“Well, what does it amount to?”
“Simply that Robert Ablett died in the office this afternoon, and that Cayley knows exactly how he died. That’s all. It doesn’t follow that Cayley killed him.”
“No. No, of course it doesn’t.” Bill gave a sigh of relief. “He’s just shielding Mark, what?”
“Well, isn’t that the simplest explanation?”
“It’s the simplest if you’re a friend of Cayley and want to let him down lightly. But then I’m not, you see.”
“Why isn’t it simple, anyhow?”
“Well, let’s have the explanation then, and I’ll undertake to give you a simpler one afterwards. Go on. Only remember—the key is on the outside of the door to start with.”
“Yes; well, I don’t mind that. Mark goes in to see his brother, and they quarrel and all the rest of it, just as Cayley was saying. Cayley hears the shot, and in order to give Mark time to get away, locks the door, puts the key in his pocket and pretends that Mark has locked the door, and that he can’t get in. How’s that?”
“Hopeless, Watson, hopeless.”
“How does Cayley know that it is Mark who has shot Robert, and not the other way round?”
“Oh!” said Bill, rather upset. “Yes.” He thought for a moment, “All right. Say that Cayley has gone into the room first, and seen Robert on the ground.”
“Well, there you are.”
“And what does he say to Mark? That it’s a fine afternoon; and could he lend him a pocket-handkerchief? Or does he ask him what’s happened?”
“Well, of course, I suppose he asks what happened,” said Bill reluctantly.
“And what does Mark say?”
“Explains that the revolver went off accidentally during a struggle.”
“Whereupon Cayley shields him by—by doing what, Bill? Encouraging him to do the damn silliest thing that any man could possibly do—confess his guilt by running away!”
“No, that’s rather hopeless, isn’t it?” Bill thought again. “Well,” he said reluctantly, “suppose Mark confessed that he’d murdered his brother?”
“That’s better, Bill. Don’t be afraid of getting away from the accident idea. Well then, your new theory is this. Mark confesses to Cayley that he shot Robert on purpose, and Cayley decides, even at the risk of committing perjury, and getting into trouble himself, to help Mark to escape. Is that right?”
“Well then, I want to ask you two questions. First, is it possible, as I said before dinner, that any man would commit such an idiotic murder—a murder that puts the rope so very tightly round his neck? Secondly, if Cayley is prepared to perjure himself for Mark (as he has to, anyway, now), wouldn’t it be simpler for him to say that he was in the office all the time, and that Robert’s death was accidental?”
Bill considered this carefully, and then nodded slowly again.
“Yes, my simple explanation is a washout,” he said. “Now let’s have yours.”
Antony did not answer him. He had begun to think about something quite different.
“What’s the matter?” said Bill sharply.
Antony looked round at him with raised eyebrows.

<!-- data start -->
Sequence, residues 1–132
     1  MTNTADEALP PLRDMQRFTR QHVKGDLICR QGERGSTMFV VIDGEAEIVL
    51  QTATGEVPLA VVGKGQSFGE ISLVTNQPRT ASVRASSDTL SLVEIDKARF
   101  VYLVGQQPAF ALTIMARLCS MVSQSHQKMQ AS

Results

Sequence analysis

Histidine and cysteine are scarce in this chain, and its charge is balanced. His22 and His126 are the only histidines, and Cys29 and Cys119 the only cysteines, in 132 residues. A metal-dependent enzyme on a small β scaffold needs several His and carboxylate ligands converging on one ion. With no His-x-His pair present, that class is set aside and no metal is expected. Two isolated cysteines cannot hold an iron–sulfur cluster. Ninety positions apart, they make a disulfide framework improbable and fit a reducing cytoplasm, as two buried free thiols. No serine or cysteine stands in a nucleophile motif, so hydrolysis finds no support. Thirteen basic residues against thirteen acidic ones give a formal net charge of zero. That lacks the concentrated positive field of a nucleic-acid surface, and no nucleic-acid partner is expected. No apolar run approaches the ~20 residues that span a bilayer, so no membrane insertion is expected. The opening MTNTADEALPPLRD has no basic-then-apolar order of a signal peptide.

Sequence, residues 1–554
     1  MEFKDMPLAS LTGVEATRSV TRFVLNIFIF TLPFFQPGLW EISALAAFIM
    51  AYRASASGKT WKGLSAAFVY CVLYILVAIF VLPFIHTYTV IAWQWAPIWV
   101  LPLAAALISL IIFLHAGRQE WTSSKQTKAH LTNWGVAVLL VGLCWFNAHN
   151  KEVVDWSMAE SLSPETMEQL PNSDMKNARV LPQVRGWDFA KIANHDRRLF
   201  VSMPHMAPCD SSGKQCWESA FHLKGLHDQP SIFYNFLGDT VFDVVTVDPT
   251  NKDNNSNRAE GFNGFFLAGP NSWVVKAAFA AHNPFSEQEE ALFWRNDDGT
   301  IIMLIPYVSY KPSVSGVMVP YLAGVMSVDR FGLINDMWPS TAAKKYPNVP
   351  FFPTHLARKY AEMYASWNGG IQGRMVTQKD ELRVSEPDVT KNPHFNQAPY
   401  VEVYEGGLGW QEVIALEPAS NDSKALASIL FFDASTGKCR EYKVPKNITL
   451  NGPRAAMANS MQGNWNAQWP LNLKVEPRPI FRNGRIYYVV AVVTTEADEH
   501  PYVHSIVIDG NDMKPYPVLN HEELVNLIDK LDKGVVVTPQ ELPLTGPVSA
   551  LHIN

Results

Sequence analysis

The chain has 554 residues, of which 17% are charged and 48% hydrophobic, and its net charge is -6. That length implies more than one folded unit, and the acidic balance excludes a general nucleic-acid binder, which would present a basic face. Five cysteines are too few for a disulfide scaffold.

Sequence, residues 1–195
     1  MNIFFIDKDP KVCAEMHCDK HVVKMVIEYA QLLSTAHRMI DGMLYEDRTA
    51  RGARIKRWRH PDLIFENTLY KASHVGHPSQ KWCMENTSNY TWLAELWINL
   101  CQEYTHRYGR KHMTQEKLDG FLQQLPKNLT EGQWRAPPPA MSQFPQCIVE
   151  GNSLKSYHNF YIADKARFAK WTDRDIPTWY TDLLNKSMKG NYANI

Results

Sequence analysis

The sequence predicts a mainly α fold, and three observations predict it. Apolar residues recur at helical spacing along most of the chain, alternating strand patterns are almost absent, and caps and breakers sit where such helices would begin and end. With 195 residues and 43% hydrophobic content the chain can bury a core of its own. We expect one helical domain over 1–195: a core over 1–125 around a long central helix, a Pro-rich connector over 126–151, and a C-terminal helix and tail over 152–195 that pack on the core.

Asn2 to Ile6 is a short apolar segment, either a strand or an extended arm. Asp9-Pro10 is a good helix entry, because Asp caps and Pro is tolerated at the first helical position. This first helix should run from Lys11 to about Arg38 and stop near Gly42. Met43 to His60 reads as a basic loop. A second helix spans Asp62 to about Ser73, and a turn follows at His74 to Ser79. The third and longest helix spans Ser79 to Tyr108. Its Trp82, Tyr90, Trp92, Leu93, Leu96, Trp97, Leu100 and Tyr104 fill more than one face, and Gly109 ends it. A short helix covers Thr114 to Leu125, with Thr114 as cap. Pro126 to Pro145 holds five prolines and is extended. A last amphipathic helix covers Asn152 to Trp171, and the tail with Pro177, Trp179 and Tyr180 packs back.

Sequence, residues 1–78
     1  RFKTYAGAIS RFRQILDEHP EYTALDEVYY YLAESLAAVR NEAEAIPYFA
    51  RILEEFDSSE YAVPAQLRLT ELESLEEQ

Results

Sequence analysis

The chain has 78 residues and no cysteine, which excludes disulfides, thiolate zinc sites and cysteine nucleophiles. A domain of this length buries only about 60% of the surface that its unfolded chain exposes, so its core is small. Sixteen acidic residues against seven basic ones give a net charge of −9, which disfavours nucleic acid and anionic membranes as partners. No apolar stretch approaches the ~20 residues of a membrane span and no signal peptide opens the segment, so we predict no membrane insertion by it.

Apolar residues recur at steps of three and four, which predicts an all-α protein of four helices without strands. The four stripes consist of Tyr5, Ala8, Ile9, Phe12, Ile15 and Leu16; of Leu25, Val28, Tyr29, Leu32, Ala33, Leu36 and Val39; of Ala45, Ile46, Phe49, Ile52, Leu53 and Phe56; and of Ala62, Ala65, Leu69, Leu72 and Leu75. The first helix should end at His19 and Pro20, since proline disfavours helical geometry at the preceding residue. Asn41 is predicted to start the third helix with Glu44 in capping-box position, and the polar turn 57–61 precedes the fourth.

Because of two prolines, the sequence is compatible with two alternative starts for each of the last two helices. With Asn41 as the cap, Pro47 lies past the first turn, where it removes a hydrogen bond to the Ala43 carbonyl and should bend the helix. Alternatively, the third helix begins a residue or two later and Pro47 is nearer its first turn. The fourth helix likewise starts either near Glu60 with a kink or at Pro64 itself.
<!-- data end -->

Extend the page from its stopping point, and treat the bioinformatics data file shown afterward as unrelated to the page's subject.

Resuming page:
“You’ve thought of something suddenly,” said Bill. “What is it?”
“My dear Watson,” he said, “you aren’t supposed to be as clever as this.”
“Oh, you can’t take me in!”
“No. … Well, I was wondering about this ghost of yours, Bill. It seems to me—”
“Oh, that!” Bill was profoundly disappointed. “What on earth has the ghost got to do with it?”
“I don’t know,” said Antony apologetically. “I don’t know what anything has got to do with it. I was just wondering. You shouldn’t have brought me here if you hadn’t wanted me to think about the ghost. This is where she appeared, isn’t it?”
“Yes.” Bill was distinctly short about it.
“I said, ‘How?’ ”
“How? How do ghosts appear? I don’t know. They just appear.”
“Over four or five hundred yards of open park?”
“Well, but she had to appear here, because this is where the original one—Lady Anne, you know—was supposed to walk.”
“Oh, never mind Lady Anne! A real ghost can do anything. But how did Miss Norris appear suddenly—over five hundred yards of bare park?”
Bill looked at Antony with open mouth.
“I—I don’t know,” he stammered. “We never thought of that.”
“You would have seen her long before, wouldn’t you, if she had come the way we came?”
“Of course we should.”
“And that would have spoilt it rather. You would have had time to recognize her walk.”
Bill was interested now.
“That’s rather funny, you know, Tony. We none of us thought of that.”
“You’re sure she didn’t come across the park when none of you were looking?”
“Quite. Because, you see, Betty and I were expecting her, and we kept looking round in case we saw her, so that we should all be playing with our backs to her.”
“You and Miss Calladine were playing together?”
“I say, however do you know that?”
“Brilliant deductive reasoning. Well, then you suddenly saw her?”
“Yes, she walked across that side of the lawn.” He indicated the opposite side, nearer to the house.
“She couldn’t have been hiding in the ditch? Do you call it the moat, by the way?”